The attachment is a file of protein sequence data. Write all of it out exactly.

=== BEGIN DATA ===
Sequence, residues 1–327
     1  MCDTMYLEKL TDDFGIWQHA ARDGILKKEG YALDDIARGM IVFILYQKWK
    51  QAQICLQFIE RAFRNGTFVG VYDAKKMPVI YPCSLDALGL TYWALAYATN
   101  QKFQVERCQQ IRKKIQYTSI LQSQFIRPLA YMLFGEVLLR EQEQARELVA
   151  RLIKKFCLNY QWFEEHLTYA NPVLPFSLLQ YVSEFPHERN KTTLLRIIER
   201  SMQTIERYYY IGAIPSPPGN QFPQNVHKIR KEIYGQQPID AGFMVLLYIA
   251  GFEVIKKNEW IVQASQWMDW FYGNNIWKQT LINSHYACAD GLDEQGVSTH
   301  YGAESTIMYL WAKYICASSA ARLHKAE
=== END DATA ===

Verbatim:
Sequence, residues 1–327
     1  MCDTMYLEKL TDDFGIWQHA ARDGILKKEG YALDDIARGM IVFILYQKWK
    51  QAQICLQFIE RAFRNGTFVG VYDAKKMPVI YPCSLDALGL TYWALAYATN
   101  QKFQVERCQQ IRKKIQYTSI LQSQFIRPLA YMLFGEVLLR EQEQARELVA
   151  RLIKKFCLNY QWFEEHLTYA NPVLPFSLLQ YVSEFPHERN KTTLLRIIER
   201  SMQTIERYYY IGAIPSPPGN QFPQNVHKIR KEIYGQQPID AGFMVLLYIA
   251  GFEVIKKNEW IVQASQWMDW FYGNNIWKQT LINSHYACAD GLDEQGVSTH
   301  YGAESTIMYL WAKYICASSA ARLHKAE